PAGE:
Appeal a fixed penalty notice

We do not operate a formal appeals process for fixed penalty notices.

You have two options:

  • pay the fixed penalty notice within the timeframe
  • allow the fixed penalty notice to lapse and await a court summons

However, we will review the facts of each case that is questioned.

If you wish to dispute our evidence please contact Environmental Health:

Can a fixed penalty notice be withdrawn?

Only in exceptional cases are fixed penalty notices withdrawn. This may happen:

  • when the person accused was not the person that committed the offence – this might be the case if false details have been provided
  • where the person issued with the fixed penalty notice brings forward evidence that could undermine any later prosecution
  • where a fixed penalty notice has been wrongly issued, for example where a control didn’t apply or the person had exemption under the law
  • where the person issued with the fixed penalty notice is a child under the age of ten
  • if further evidence is provided that could lead to the conclusion that the person issued with a fixed penalty notice is in some way vulnerable and the enforcement of the fixed penalty notice would not be in the public interest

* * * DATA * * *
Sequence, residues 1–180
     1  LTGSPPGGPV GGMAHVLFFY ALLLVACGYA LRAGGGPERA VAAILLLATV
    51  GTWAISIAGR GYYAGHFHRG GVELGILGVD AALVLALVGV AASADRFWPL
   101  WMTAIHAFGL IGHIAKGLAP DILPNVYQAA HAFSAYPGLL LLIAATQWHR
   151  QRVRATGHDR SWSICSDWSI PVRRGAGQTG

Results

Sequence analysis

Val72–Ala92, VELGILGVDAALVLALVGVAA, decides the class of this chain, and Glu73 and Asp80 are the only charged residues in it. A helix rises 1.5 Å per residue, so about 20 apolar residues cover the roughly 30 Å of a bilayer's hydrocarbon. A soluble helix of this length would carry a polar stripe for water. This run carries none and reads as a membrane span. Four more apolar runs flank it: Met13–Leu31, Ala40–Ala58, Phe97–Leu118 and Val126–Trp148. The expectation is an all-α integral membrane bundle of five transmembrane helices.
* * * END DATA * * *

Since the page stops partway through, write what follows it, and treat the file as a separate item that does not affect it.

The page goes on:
• it not considered to be in the public interest to pursue the offence

Challenging a notice does not change the value of the notice or extend the period for payment.

What happens next?

We aim to respond to challenges within three working days of their receipt.

We will continue with planned action where:

  • there is a case to answer – this is to say that the authority has complied with the relevant statutes and considers that an offence has been committed
  • there is enough admissible evidence to support a successful prosecution
  • prosecution is in the public interest
  • the action proposed is consistent with any adopted authority policy. 

If you fail to pay within the allocated timeframe, we will usually initiate court proceedings.

If your case is escalated to court you should consider:

  • involving the services of a solicitor 
  • the evidence that may be presented in court

If the court finds against you, you may be given a larger fine, a criminal record, and a possible prison sentence. You may also be responsible for court costs.